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Anisotropy Spectra for Enantiomeric Differentiation of Biomolecular Building Blocks

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  • Amanda C. Evans, University of Nice-Sophia Antipolis, France
  • Cornelia Meinert, University of Nice-Sophia Antipolis, France
  • Jan H. Bredehoft, University of Bremen, Germany
  • C. Giri, University of Nice-Sophia Antipolis, France
  • Nykola C. Jones
  • Søren Vrønning Hoffmann
  • Uwe J. Meierhenrich, University of Nice-Sophia Antipolis, France
All biopolymers are composed of homochiral building blocks, and both D-sugars and L-amino acids uniquely constitute life on Earth. These monomers were originally enantiomerically differentiated under prebiotic conditions. Particular progress has recently been made in support of the photochemical model for this differentiation: the interaction of circularly polarized light with racemic molecules is currently thought to have been the original source for life’s biological homochirality. The differential asymmetric photoreactivity of particular small molecules can be characterized by both circular dichroism and anisotropy spectroscopy. Anisotropy spectroscopy, a novel derivative of circular dichroism spectroscopy, records the anisotropy factor g = Δε/ε as a function of the wavelength.
Anisotropy spectroscopy promisingly affords the wavelength-dependent determination of the enantiomeric excess (ee) inducible into chiral organic molecules by photochemical irradiation with circularly polarized light. Anisotropy spectra of small molecules therefore provide unique means for characterizing the different photochemical behaviors between enantiomers upon exposure to various wavelengths of circularly polarized light. This chapter will: (1) present the theory and configuration of anisotropy spectroscopy; (2) explain experimentally recorded anisotropy spectra of selected chiral biomolecules such as amino acids; and (3) discuss the relevance of these spectra for the investigation of the origin of the molecular homochirality observed in living organisms. This review describes a new chiroptical technique that is of significance for advances in asymmetric photochemistry and that is also highly relevant for the European Space Agency Rosetta Mission, which will determine enantiomeric excesses (ees) in chiral organic molecules in cometary ices when it lands on Comet 67P/Churyumov–Gerasimenko in November 2014.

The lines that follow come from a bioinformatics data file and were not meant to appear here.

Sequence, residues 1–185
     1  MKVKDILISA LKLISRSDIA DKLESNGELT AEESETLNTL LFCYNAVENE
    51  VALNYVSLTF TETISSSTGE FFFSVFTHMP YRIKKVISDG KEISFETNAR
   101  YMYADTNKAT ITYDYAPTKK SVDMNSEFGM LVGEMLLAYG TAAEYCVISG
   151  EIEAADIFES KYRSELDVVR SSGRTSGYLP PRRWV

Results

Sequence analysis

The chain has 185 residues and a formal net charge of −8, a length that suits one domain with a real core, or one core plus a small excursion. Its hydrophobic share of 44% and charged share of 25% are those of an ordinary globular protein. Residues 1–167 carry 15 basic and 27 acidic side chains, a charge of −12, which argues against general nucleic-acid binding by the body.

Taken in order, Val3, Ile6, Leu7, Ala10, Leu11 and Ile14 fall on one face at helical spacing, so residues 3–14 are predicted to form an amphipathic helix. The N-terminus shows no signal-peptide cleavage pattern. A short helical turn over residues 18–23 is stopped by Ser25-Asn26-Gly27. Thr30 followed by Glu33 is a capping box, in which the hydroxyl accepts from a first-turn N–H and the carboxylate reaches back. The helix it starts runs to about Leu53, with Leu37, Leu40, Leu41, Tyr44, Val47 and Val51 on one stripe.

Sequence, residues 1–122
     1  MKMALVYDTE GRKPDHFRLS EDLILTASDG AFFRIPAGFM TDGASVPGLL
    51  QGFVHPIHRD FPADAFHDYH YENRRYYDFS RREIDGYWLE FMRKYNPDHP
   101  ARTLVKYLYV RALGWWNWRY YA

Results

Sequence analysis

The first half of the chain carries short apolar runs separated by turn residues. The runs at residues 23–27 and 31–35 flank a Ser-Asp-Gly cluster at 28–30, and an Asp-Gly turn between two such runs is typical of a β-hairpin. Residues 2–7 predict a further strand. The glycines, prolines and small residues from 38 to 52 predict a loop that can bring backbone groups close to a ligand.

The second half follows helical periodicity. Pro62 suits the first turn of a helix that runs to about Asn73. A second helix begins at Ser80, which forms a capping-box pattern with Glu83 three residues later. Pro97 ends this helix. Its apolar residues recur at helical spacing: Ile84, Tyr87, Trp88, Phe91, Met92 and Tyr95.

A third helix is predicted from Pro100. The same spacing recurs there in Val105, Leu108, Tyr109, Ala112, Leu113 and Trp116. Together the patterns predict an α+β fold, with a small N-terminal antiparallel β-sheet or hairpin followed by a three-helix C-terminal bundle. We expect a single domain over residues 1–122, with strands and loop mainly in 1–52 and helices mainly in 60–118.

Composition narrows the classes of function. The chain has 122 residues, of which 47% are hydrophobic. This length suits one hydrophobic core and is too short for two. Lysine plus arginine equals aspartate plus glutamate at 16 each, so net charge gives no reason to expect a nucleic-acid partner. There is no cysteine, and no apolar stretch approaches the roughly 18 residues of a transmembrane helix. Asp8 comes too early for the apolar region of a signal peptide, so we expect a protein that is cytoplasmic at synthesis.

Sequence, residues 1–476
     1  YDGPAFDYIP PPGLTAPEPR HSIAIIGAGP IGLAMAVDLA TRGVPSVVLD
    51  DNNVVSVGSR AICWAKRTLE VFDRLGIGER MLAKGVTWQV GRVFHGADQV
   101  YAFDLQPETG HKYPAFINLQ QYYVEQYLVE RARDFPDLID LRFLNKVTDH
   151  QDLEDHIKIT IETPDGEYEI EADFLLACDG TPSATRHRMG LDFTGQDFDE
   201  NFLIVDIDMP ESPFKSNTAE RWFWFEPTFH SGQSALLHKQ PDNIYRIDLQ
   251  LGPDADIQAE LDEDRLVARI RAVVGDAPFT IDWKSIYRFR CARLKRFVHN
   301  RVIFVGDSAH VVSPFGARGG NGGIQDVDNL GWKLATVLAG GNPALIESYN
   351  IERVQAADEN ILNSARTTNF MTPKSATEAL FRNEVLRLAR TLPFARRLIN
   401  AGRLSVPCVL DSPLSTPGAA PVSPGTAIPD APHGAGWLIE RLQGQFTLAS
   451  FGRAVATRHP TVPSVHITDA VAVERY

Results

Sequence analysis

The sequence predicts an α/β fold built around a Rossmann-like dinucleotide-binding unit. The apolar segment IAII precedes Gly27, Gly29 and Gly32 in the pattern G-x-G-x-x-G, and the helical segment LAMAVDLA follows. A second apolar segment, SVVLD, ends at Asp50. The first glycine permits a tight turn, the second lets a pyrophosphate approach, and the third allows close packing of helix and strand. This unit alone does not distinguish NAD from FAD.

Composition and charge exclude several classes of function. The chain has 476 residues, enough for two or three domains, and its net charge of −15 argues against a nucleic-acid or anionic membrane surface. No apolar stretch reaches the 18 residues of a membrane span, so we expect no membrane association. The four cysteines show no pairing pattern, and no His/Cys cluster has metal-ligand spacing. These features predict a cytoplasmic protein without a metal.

Original languageEnglish
Title of host publicationDifferentiation of Enantiomers II
EditorsVolker Schurig
Number of pages29
Publication year2013
ISBN (print)978-3-319-03715-8
ISBN (Electronic)978-3-319-03716-5
Publication statusPublished - 2013
SeriesTopics in Current Chemistry

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